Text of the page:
Berthing

 
In the last chapter we learned how to leave the dock. But how do we bring the boat back safely? The problem is: We do not want to crash into the jetty at full speed, but we do not have a brake on our boat. So which manoeuvre that we have already learned do we use to stop the boat … ? Right: by sailing up head to wind.

So we sail straight towards the wind. But into which wind do we shoot up too … ? Right, the true wind. We notice it on flags or how the boats are lying at the jetty. When they are only tied with one docking line at the front their bow should point into the wind. And that is the way we have to shoot up.


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What did we learn about sailing up head to wind … ? Right: We approximate the destination in a distance of one and a half or one boat’s length parallel to the windward-leeward line. The finishing point is now the jetty. (Figure 109) If we are about one boat’s length away from the point to turn in the direction of the jetty we have to … ? Right, push the tiller away from us. (Figure 111) What kind of angle do we sail towards the true wind … ? Right, a 90 degrees angle.

Figure 109: Approach on a line of a boat’s length distance parallel to the windward-leeward line.

Figure 109: Approach on a line of a boat’s length distance parallel to the windward-leeward line.

Figure 110: Command: “Ready to shoot up?” Answer: “Ready!”

Figure 110: Command: “Ready to shoot up?” Answer: “Ready!”

Figure 111: Command: „Release sheets!”

Figure 111: Command: „Release sheets!”

Figure 112: The tiller points to the boom!

Figure 112: The tiller points to the boom!

Figure 113: The tiller points to the boom!

Figure 113: The tiller points to the boom!

Bild 114: Command: „Tie docking line!”

Bild 114: Command: „Tie docking line!”

How do we realise that we are exactly head to wind? Right, the boom is in the middle of the boat behind the mast. The tiller always points towards the boom. (Figure 112 & 113). It follows the boom to port side or starboard if it goes to one side till it settles down in the middle. (Figure 114)

We have now been slowed down by the wind and can safely head up to the jetty. The crew steps on the deck with the docking line in his hand. (It should be fixed at the bow) He steps over to the jetty once he can reach it. If the boat still has too much speed the crew can try to hold the boat away from the jetty by grabbing the forestay. For the beginning a fender in front of the bow is recommended.

If we did not get close enough to the jetty we should not ask our crew to jump over. That usually does not end well. We should better turn the bow through the wind early enough as long as we have the speed to do it. To support the turn in the right direction we back the jib. The helmsman changes the side and then we try the manoeuvre once again.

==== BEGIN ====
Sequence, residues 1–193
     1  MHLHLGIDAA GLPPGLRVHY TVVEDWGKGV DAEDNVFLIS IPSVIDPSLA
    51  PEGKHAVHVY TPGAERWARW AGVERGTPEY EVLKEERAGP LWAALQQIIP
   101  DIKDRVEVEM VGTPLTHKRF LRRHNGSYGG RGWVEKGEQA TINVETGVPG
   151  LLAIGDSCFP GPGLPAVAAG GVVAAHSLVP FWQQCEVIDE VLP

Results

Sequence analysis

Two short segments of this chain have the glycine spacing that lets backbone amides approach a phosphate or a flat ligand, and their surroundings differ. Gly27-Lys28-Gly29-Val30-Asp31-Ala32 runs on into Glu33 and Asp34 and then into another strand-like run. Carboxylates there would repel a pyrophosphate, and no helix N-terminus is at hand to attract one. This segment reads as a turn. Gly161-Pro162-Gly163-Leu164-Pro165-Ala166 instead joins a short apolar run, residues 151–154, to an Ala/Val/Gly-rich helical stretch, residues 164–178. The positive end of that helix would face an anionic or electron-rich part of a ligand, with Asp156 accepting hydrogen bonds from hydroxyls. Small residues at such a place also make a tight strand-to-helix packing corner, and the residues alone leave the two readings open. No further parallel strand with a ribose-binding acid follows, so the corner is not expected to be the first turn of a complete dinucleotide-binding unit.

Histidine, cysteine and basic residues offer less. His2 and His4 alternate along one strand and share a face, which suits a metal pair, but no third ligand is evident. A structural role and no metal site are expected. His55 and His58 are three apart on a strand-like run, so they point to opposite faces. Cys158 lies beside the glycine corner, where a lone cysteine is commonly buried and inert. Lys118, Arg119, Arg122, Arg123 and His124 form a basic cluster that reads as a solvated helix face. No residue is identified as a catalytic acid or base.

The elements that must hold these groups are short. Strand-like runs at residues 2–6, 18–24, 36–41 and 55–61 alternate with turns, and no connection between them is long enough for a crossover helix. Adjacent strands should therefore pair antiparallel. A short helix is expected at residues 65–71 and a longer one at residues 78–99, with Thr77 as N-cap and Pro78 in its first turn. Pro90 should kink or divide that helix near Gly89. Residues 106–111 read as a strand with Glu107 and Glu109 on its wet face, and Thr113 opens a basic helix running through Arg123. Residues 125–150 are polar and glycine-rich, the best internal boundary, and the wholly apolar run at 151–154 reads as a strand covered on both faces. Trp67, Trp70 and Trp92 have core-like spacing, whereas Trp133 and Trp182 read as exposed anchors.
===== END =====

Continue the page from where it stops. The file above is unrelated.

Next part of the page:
When we are back at the dock the sails have to be secured. Which sail first … ? Right, the jib. The jib has to be taken off the forestay. Some fold it and some furl it. The mainsail is often folded over the boom or furled and knotted beside it. Or it has to be taken off and folded. It is possible to secure the jib before we start the manoeuvre to keep the deck clear and to make it easier for the crew to step on the jetty.

Watch my stop motion video about berthing with Jenny and Tom →

Unfortunately the jetty is not always in such a perfect angle to the wind as in my figures. It is less important to hit the jetty at an angle of 90 degrees. It is more important that we always shoot up head to the true wind. When we head back to the jetty we always have to ask ourselves where the true wind comes from. We imagine the windward-leeward line and drive a boat’s length parallel to it. Then we shoot up head to wind, no matter which direction it comes from. You will get a feeling for the wind and your boat in time. The only way to learn it is to practice, practice and practice some more!

But what do we do when the wind blows in the direction of the jetty? Then we shoot up head to wind in a proper distance windward of the dock. When we are in irons we secure the mainsail. We tie it to the boom in a way so it does not interfere with our manoeuvre. And it should not give any resistance to the wind.

Then we bear away. Maybe we need to hold back the jib to do this. We head towards our destination and meanwhile the jib fills with wind. It now pulls us to the dock. If we have enough speed to reach the jetty we secure the jib too. The wind is going on to push us towards it. Now we check whether we tied up the mainsail properly. If not we gather too much speed to be able to berth safely. If you have misjudged your manoeuvre and you arrive at the jetty with too much speed, you can try and do a U with your boat in the marina and shoot up head to wind. You still need enough space to do this.

A boat is moored with foreline, forespring, aft spring and stern line. If there are posts available you use these and the jetty to moor your boat properly. Either with the bow or the stern facing towards the jetty. Important here is that the boat is properly fendered off to avoid any damage.

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All chapters: Technical Terms | The theory behind sailing |Close-hauled | Beam reach | Broad reach | Sailing downwind | Tacking | Beating | Quick-turn | Sailing up head to wind | Man overboard | Jibing | Heaving-to | Leaving the dock | Berthing | Rules of the road 1 | Rules of the road 2 | Rules of the road 3 | Reefing | Capsizing

 

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